Graphically, The Serpent’s Curse is absolutely perfect for the genre in 2014. It feels current, fresh and still does a magnificent job of staying anchored to its roots. The characters are very active and alive. Nico will regularly check her phone for messages when she’s standing around, while George’s eyes are everywhere. The rest of the cast are equally observant and alert, mindful of others in their immediate area and the environment at large.

Unfortunately, you’ll find yourself finishing up in an area quicker than you might expect. It’s almost always too obvious what you need to do. Puzzles are almost always solved with an item you’ve just picked up, rather than something you picked up a while back. And despite George’s sizeable inventory, quite a few objects aren’t used for anything in particular. Though I would imagine some of these items will play more of a role in Episode Two. And even if you do get stuck, the Hint System in the top left hand of the screen is a grand temptation. It will always spell out the solution for you, but only if you want it to. The team have done a magnificent job of providing as many subtle clues as possible before explaining everything. Even if you’re just looking for a bit of direction, the game will help shift your priorities so you can try to work it out yourself. However, if you’re really stuck, you can always elaborate further.

This is the Broken Sword I remember. The missteps of Angel of Death and The Sleeping Dragon are distant memories, and there are real shades of The Smoking Mirror and Shadow of the Templars residing within this narrative. Without question, The Serpent’s Curse does a magnificent job of getting the series ‘back on track’.  I’m very excited to see what happens in Part Two, as the mystery and history surrounding the painting is sure to take front and center stage.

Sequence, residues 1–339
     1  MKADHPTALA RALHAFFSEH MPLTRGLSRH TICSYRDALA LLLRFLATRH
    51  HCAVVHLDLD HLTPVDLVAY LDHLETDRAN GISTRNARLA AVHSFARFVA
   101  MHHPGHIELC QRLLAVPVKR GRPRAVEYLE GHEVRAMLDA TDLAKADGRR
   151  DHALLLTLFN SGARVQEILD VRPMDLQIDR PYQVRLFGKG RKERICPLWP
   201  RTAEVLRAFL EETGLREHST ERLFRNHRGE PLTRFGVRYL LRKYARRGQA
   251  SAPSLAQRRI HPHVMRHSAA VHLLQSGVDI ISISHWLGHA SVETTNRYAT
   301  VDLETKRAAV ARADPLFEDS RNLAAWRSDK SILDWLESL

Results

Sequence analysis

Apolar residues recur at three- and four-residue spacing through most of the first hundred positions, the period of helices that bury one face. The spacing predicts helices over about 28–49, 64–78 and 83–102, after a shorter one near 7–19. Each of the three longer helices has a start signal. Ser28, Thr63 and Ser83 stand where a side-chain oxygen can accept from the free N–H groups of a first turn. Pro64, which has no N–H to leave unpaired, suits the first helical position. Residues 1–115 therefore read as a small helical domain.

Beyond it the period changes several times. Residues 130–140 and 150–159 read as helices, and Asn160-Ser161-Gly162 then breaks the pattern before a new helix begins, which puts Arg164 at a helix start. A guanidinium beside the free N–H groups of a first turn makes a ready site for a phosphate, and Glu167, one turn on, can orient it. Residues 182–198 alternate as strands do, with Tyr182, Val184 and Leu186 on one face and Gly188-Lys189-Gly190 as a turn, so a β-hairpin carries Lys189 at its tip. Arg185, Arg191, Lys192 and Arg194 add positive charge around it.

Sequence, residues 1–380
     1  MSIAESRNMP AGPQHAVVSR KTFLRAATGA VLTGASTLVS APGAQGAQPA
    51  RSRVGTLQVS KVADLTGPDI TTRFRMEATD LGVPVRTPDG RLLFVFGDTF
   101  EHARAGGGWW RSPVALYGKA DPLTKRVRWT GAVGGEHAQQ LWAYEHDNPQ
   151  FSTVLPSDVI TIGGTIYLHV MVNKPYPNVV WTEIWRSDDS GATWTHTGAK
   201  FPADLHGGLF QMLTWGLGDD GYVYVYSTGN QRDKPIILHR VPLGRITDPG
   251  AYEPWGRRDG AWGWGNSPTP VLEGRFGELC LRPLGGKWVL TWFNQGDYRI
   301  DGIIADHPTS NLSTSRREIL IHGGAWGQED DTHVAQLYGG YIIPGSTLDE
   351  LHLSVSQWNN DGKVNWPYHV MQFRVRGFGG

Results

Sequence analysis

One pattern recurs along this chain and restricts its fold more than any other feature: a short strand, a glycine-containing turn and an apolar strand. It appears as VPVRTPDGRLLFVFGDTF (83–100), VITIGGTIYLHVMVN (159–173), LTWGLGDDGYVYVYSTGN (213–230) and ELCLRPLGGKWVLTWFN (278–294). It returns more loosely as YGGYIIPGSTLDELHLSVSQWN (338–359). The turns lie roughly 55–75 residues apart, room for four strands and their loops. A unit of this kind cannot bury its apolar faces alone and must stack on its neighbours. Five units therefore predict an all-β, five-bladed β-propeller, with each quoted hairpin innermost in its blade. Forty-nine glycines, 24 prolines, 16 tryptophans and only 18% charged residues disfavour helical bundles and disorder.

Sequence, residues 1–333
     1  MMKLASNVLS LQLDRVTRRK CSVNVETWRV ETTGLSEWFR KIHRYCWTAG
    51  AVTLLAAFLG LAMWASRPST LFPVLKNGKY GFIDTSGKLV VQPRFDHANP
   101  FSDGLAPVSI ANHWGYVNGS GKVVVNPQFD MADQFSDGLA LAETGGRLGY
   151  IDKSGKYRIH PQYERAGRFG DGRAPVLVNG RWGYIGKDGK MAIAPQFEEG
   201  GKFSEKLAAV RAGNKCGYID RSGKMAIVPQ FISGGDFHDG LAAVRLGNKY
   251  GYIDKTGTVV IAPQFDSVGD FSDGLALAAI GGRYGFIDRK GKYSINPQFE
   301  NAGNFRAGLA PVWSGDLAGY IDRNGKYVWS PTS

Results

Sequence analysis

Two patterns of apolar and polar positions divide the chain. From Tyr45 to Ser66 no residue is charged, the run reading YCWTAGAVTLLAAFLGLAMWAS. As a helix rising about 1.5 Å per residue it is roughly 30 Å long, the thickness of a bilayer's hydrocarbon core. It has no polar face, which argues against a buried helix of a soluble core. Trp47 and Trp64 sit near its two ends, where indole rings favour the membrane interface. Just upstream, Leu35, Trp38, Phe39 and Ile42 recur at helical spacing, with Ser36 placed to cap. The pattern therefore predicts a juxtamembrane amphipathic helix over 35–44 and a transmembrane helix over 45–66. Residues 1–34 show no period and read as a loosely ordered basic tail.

It’s not perfect. Despite the dramatic opening, some of the tension goes missing midway through and over-familiarity in locations eventually causes the episode to lull, but things start to pick up towards the end and will really send your anticipation levels into overdrive.

Some of the puzzles are also slightly questionable. Focusing on a roaming cockroach and a pecking seagull certainly won’t be remembered as series highlights. Still, episode one does a wonderful job of reminding us how much we missed the exploits of Stobbart and Collard. Cecil and co have brought us back to the glory days of Broken Sword, and we couldn’t be happier.


  • The glory days of Broken Sword are here again
  • Nico and George’s chemistry is in fine form
  • The engine works wonderfully for the Point & Click Genre in 2014
  • Wit, suspense and mystery make for an incredible plot


  • Some of the puzzles miss the mark
  • Numerous unnecessary inventory items
  • Mid-way lull dulls some of the tension
  • Over-familiarity in locations


4 out of 5

A rare modern gem that is respectful of its roots, and remains fresh and current in today’s bustling market. The Serpent’s Curse: Episode One isn’t perfect, but remains engaging throughout its four hour duration. Episode two can’t come soon enough.

About the author

Ray Willmott

Ray is the founder and editor of Expansive. He is also a former Community Manager for Steel Media, and has written for a variety of gaming websites over the years. His work can be seen on Pocket Gamer,, Gfinity, and the Red Bull Gaming Column. He has also written for VG247, Videogamer, GamesTM, PLAY, and MyM Magazine,